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'Round Midnight: Chat-stained

Varied jazz flourishes amid the noise

An interesting field of jazz-related musicians takes the stage at the ever-chatty Chastain Park Amphitheater this month. First up is Jazz Explosion (July 12), an all-star band capable of garnering excitement despite its name being something of a misnomer. Explode they may, but the sounds emanating from the ensemble featuring saxophonist Gerald Albright, along with vocalists Will Downing and Chante; Moore, are heavily R&B flavored. Jazz or naught, the tone of Albright's bluesy horns (alto, soprano and tenor) in sync with soulful vocals promises a solid night of slow jams, Latin and funk. Downing's smooth rendition of "The Near-ness of You" is likely to be followed with an Albright tribute to the late, great funkmeister Grover Washington. So, light that candle and prepare to groove. Spyro Gyra (July 14) has the distinction of being one of the few smooth jazz bands on the scene prior to "smooth jazz" being coined. Their minor late-'70s hit, "Shaker's Dance," was greeted with open arms as an easily digestible alternative to the harder-hitting fusion of the day. Jay Beckenstein's trademark alto consistently sets an easy mood. There are plenty of hits from which to draw, including "Morning Dance," "Catching the Sun," plus more recent, albeit similar fare.

The musical style of guitarist Brian Setzer'(July 19) may seem to have come out of nowhere, but he would likely admit to jumping on the proverbial (big) bandwagon established long ago by the swing bands of yore. Hearing his energetic guitar wailing over top of all those horns produces plenty of excitement. The big bands aren't dead, they just have enigmatic, charismatic leaders ... wearing weird clothes and playing stock blues licks.

Nepotism: It stinks. Unless, of course, you're the uncle of an R&B diva, or the daughter of one of the greatest crooners of the past century. It's all in the genes. When Natalie and Freddy Cole hit front and center (July 28), one isn't sure exactly what to expect. Will Freddy sing back-up vocals and step while Natalie shouts "Sophisticated Lady?" Doubtful. More than likely, Atlanta resident Freddy will sub for late brother Nat through a night of standard duets on the order of "Unforgettable." Blessed with pipes that resonate from similar DNA, Freddy's baritone — along with Natalie's polished alto — has the goods to provide a very nostalgic evening, indeed.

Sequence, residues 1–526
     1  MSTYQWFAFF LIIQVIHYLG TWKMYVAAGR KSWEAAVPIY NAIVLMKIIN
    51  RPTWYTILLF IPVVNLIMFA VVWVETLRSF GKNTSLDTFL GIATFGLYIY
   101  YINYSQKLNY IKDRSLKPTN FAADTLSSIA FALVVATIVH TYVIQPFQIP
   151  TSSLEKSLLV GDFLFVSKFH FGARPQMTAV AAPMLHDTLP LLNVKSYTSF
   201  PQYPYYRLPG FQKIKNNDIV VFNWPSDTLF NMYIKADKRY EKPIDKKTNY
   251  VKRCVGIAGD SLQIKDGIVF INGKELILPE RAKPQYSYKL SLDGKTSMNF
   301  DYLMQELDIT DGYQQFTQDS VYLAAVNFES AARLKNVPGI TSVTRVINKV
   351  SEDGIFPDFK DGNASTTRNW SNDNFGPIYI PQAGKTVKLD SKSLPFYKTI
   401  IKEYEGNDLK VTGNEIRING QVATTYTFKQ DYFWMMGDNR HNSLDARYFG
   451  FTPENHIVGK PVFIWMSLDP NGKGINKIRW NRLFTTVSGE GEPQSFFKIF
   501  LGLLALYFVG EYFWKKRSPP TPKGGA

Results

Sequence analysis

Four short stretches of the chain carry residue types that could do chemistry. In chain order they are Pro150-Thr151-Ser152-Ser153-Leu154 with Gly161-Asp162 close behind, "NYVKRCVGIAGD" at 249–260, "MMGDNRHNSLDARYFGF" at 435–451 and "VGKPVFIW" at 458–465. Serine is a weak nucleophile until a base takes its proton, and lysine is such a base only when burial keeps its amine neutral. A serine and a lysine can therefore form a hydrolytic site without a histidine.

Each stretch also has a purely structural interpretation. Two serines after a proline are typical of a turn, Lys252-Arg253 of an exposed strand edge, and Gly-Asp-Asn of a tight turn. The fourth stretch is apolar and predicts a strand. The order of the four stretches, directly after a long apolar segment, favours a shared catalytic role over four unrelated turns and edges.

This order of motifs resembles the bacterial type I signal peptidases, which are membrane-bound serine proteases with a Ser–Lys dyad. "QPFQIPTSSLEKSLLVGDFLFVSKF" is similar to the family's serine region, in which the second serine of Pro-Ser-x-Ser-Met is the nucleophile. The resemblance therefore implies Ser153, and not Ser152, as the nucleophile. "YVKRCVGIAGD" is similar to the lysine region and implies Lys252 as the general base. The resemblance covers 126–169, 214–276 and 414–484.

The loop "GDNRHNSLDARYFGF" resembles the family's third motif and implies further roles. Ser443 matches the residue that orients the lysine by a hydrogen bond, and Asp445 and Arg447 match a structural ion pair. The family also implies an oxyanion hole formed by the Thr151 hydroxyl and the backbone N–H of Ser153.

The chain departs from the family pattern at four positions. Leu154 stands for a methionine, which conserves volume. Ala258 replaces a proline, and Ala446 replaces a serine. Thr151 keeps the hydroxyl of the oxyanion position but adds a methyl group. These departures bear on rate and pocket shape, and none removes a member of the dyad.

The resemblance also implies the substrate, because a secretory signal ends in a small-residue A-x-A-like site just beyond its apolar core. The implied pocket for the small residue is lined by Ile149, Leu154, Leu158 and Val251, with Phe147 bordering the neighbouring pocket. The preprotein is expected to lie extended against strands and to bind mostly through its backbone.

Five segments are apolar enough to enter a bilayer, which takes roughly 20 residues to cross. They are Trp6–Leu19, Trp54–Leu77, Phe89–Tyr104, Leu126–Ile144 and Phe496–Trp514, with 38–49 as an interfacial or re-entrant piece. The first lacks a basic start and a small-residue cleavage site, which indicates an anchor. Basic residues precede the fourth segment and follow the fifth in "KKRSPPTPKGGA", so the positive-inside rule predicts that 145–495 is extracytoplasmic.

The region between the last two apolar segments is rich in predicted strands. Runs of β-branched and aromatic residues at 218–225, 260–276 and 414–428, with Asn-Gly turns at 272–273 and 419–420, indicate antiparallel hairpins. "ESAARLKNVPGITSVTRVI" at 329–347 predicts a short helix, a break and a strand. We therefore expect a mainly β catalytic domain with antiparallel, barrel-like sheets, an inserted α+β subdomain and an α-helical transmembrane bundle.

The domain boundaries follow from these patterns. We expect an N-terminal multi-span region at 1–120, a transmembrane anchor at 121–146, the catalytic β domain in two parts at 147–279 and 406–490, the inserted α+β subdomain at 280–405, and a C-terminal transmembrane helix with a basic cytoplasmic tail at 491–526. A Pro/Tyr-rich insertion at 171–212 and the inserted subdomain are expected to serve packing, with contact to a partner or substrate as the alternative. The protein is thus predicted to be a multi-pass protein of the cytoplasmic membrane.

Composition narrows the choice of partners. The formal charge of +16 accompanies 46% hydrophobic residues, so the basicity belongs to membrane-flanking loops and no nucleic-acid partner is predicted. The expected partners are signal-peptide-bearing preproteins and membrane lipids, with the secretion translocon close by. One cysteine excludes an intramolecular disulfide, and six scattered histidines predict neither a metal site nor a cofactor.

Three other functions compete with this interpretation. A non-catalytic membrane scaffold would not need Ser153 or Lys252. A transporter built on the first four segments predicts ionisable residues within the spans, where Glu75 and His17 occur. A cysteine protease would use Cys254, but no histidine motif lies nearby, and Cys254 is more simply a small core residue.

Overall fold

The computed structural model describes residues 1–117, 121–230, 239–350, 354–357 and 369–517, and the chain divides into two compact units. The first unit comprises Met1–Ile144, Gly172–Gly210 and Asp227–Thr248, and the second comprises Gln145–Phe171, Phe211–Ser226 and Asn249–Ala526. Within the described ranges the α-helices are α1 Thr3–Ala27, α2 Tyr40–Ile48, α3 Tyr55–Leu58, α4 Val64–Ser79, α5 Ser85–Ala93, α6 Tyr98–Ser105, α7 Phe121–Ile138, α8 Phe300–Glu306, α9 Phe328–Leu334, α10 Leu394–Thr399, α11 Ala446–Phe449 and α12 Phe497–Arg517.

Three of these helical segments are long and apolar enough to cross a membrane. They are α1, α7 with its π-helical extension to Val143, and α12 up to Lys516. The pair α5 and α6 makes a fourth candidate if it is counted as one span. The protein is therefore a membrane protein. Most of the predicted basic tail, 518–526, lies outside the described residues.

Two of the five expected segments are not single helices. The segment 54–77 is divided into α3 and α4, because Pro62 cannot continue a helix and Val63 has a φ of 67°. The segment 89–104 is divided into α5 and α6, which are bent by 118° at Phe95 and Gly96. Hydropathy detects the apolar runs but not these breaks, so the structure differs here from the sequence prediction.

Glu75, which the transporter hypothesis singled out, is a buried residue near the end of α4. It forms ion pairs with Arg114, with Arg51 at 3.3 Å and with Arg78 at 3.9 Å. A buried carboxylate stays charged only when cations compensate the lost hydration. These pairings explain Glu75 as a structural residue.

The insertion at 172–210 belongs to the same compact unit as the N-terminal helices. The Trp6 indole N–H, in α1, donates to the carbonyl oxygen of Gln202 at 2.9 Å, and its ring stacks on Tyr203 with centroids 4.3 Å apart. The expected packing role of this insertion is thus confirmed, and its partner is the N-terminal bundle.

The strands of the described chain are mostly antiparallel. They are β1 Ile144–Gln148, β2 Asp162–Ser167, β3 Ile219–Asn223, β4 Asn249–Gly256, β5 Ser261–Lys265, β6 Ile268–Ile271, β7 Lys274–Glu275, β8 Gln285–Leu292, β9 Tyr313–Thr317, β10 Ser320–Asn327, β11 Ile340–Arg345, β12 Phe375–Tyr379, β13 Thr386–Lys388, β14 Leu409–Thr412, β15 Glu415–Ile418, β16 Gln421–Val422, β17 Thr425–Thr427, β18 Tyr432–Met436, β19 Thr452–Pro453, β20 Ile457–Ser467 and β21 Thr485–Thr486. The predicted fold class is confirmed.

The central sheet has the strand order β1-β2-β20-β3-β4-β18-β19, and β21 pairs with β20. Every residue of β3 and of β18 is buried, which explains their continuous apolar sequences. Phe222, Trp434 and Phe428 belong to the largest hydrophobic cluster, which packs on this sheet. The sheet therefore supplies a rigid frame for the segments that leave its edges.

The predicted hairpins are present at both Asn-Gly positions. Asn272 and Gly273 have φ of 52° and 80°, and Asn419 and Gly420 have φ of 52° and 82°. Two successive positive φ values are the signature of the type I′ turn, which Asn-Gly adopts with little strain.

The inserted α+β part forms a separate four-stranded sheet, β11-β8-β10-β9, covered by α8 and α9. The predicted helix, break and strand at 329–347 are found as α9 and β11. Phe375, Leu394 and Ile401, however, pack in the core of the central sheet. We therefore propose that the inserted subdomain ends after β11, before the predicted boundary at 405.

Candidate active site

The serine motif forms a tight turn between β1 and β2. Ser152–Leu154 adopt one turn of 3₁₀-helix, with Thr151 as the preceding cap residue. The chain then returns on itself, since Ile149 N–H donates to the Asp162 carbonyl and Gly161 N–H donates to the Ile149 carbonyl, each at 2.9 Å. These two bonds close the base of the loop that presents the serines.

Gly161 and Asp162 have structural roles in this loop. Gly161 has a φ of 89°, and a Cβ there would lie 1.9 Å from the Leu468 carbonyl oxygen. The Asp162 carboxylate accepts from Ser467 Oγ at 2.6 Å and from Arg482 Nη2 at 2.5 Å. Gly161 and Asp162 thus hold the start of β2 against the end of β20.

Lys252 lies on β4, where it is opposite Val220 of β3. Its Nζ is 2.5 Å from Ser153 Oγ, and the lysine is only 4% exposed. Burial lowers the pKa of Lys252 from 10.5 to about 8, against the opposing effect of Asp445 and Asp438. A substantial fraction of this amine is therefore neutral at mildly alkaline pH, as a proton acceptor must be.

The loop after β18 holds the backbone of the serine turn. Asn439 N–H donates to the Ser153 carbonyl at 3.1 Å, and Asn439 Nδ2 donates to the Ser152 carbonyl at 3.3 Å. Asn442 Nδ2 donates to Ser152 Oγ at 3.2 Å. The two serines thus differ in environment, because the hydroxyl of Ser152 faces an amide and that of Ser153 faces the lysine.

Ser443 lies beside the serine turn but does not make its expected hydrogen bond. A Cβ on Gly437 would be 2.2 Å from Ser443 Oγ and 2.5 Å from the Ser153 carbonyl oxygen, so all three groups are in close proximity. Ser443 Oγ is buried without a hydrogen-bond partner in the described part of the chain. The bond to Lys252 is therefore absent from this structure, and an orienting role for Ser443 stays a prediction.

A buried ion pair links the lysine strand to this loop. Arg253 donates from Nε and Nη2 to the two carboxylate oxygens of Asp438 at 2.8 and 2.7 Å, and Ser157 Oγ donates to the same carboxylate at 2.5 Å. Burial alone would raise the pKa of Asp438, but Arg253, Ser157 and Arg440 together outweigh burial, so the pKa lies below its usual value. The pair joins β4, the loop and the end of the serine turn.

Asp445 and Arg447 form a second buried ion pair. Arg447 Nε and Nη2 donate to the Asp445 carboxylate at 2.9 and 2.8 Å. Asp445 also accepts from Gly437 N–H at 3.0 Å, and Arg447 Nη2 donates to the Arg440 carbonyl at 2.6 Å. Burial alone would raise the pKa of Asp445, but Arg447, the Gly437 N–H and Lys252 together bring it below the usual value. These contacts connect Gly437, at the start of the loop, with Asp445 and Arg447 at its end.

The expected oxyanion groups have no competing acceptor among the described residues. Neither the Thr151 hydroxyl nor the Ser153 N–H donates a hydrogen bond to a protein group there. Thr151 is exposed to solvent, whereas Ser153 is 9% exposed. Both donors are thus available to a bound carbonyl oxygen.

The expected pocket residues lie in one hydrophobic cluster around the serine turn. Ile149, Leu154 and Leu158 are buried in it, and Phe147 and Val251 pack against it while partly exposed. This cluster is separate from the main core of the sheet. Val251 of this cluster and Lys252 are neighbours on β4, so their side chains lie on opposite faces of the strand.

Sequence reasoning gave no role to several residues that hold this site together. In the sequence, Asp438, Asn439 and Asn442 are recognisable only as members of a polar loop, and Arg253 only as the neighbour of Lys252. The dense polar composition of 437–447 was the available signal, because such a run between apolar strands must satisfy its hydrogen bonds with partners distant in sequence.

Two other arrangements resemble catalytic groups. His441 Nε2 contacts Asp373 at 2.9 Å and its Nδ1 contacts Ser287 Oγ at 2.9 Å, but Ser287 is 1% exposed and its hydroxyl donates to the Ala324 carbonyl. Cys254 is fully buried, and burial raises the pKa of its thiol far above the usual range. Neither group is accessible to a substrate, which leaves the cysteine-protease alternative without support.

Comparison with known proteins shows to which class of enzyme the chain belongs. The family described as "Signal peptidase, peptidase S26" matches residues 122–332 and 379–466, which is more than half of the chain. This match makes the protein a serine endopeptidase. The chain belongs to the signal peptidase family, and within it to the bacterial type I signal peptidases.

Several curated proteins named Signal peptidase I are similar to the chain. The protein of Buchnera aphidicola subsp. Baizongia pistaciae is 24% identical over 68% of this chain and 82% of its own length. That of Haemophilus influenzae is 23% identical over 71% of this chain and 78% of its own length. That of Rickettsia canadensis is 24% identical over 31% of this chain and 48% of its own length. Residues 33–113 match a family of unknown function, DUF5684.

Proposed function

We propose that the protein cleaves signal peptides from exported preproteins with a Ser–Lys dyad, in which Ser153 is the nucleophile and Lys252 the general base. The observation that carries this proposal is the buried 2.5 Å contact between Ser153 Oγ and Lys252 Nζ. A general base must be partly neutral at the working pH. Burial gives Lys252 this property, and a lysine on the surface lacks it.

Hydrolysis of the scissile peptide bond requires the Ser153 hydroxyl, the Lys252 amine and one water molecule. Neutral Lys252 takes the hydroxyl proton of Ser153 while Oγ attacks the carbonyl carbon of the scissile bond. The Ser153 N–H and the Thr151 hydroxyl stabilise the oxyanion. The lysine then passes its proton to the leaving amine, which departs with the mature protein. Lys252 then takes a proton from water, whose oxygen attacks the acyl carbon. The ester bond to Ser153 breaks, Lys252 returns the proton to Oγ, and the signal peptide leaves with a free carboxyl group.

Mind if I gripe? Theoretically, Chastain Park is a great venue for jazz, but the relaxed ambiance is a catalytic culprit, promoting a general disregard for any type of concert etiquette. If a category existed in CL's Best of Atlanta issue for "rudest audience," the chatty, sometimes shouting (to each other) hoards at Chastain would consistently seize the dubious honor. For those of us who regard a certain quantity of Chastain's lineup as bona fide artists (not necessarily all of those mentioned above), the situation is highly embarrassing. Watching the seats located directly below the stage (the "pit table" section for the borderline bourgeois) reveals conduct that is often disgraceful. They sit in plain view — candles lit, food served, champagne popped, talking loudly — right up under the musicians' noses.

This is not to mention the masses in the cheaper seats who feel even more inconspicuous, anonymous or, perhaps more accurately, aren't feeling much of anything with regard to the music.

This probably sounds stuffy and elitist, but the lack of respect for artists and listeners is typical of most other "jazz venues" in the Atlanta area (I refer to Chastain as a jazz venue since I am referring to the jazz-related concerts held there). Sadly, most patrons' conduct merely underscores the role in which music has come to play in most people's lives — that of incidental, background sounds conducive to gathering and socializing. Gone are the days of the active, astute, knowledgeable listener. Hence, jazz will never be very popular music (no news here). And unlike classical music, which continues to be performed most often in concert halls — and certainly not in nightclubs (although classical musicians too must bear Chastain) — jazz music will always be subject to the harsh reality of rudeness. Conversely, the sheer, enormous power of high-decibel amplification seems to be the key to true listening pleasure these days.